Episode 14: What is my digital identity?

What is My Digital Identity?

Alexis and Data Dave explore the intriguing and vital topic of digital identity. Delve into how our unique data, from names and addresses to our digital footprints, shapes our identity in the online world. Navigate the complexities of protecting this identity in an era prone to digital theft and impersonation. This engaging episode blends technical insights with philosophical perspectives, offering a compelling look at the intersection of our real-world selves and digital personas. Tune in to unravel the mysteries of digital identity and discover why it’s more than just data points representing us.

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Published:

January 30, 2024

Duration:

00:17:14

Transcript

Alexis
Welcome to Talk Tech with Data Dave. I’m Alexis, your host of Talk Tech with Data Dave, and I’m here with my friend Data Dave, to talk about all things technology, all things data, all things cloud, and all things D3Clarity. 

Data Dave
Hi Alexis, this is Data Dave, Dave Wilkinson, CTO and founder of D3Clarity, and thank you for having me back and for talking all things data. 

Alexis
I really enjoy this podcast, but what makes it better is when we have listeners who ask questions. Don’t get me wrong, I have a ton of questions for you, Dave, but whenever a listener offers up a question, the conversation just goes so great.  

So, if you have a question for Data Dave, e-mail us at talktech@d3clarity.com, and we’ll be happy to answer your question in the podcast. You can also submit a question right on the D3Clarity website. Either way, we’d love to hear from.  

All right, Dave, a couple of weeks ago now you and I and Patrick Walsh, our Cloud Team leader, had a conversation about the security of identity in the digital world. We started the conversation talking about identity in the digital world in general. We put a pin in that at the time of the conversation, and I’d like to come back to it today because it’s a much bigger conversation than just authentication and the computer knowing who we are. So, I want to hear your perspective, what is identity in the digital world? 

Data Dave
Okay, that’s a loaded question, Alexis. It really is. 

Alexis
I love those questions. 

Data Dave
That’s a big question. What is identity in the digital world? Okay, so identity, just go back to some definition. Identity, identifying something we can identify lots of things, people, places, and things. We identify them as a physical place in the world, as a event, as a person, as a number of things. If we go back to that, the structure, which is what do we identify, we’re particularly talking about the identification of a person. It could be the identification of your dog interestingly. In the digital world, we’re particularly talking about the identification of a person.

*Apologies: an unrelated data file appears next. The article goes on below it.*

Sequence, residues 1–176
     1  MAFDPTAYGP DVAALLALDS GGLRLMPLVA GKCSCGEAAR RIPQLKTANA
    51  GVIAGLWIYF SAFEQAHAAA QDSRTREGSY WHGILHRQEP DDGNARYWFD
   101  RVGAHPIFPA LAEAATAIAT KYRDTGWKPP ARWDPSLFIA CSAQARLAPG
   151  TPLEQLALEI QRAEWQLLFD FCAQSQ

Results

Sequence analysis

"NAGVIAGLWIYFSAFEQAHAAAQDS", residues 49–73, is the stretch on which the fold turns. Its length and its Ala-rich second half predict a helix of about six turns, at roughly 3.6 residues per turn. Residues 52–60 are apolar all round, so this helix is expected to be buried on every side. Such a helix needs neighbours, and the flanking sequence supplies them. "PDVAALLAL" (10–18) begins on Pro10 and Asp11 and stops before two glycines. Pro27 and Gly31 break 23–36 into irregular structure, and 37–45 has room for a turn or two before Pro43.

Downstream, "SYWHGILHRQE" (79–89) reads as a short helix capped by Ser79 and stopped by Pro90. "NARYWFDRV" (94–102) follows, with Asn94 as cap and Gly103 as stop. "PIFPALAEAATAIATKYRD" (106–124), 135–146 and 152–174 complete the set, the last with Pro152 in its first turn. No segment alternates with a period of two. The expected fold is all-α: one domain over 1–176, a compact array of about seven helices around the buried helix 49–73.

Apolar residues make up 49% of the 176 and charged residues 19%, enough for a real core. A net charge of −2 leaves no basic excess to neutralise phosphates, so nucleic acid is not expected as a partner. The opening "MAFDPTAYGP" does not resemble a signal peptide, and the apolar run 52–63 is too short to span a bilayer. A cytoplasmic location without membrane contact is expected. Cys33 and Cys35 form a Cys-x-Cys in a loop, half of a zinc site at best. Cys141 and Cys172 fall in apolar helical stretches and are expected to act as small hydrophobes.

If I talk about a place for a minute just to establish a fundamental backdrop, let’s talk about a place. What is a place on the planet Earth? A place on the planet Earth is a point on a map. It is a place, a location where people are. Often a latitude or longitude coordinate from the equator, from the Meridian, etc. 

Alexis
Right. 

Data Dave
To give you a place on the map, so it clearly identifies that place. It could also be an address. An address is a place, somebody’s address. But how do you identify it? You can identify a place before it’s an address, but with a latitude, longitude coordinates.  

So, if you’re building a house, you can identify it first. An identity is the data. If you like, go back to what we said, our data get back to the very root back to the first discussion when we talked about data and data being the evidence of a thing, the historical evidence, or something. The parameters that describe the thing. 

So, the data describing a place would be the coordinates of data describing a place would be the address. So, the address is the identity of the place, and the digital identity for a place is an address. There is something here and you know how to dereference that address and get to that place. 

Alexis
Yeah, that all makes sense. 

Data Dave
Right. It all makes sense. All perfectly reasonable.  

So now, we get into you as a person. What is your identity? You have an identity. You have a unique identity. You are Alexis.  

Alexis
That’s a host of a podcast. 

Data Dave
You are Alexis. You are a very special person. You have an identity. You exist in space, you exist in time. You exist.  

“How do you identify yourself?” is one question. You’re Alexis. You have a name. The name is data. A piece of data that describes you. But that’s not unique. There are other Alexises. 

Alexis
Yeah, sure. 

Data Dave
There’s even an Alexa who sometimes we talk to now. 

Alexis
Right. And sometimes you talk to her by accident when you say my name.  

Data Dave
Yeah, exactly. 

So, you have an identity, but the question becomes, what data uniquely identifies you as that particular Alexis? 

Alexis
So, other pieces of data that would help identify me besides just my name. 

Data Dave
Besides just your name, and often if you think about a commercial world, often it’s your name, the place where you live, your address, your whole name. And names are interesting in their own right, because they change in culture by culture. For example, in Iceland, they still use the first name and son as an addition to the moniker. Like, my name, “Wilkinson”, “son of Wilkin”. They still do that in Iceland, right? 

Alexis
Oh, my goodness. I had no idea that was still a thing. 

Data Dave
Some cultures still do that and names mean different things in different cultures around the world. Which gets really interesting when we get into names in this conversation. So what is the moniker, the name, the data, the ancillary data that describes you as a unique individual? So that becomes your name. Maybe your address, maybe your phone number. Increasingly, your identity is connected to one of these… right, your device.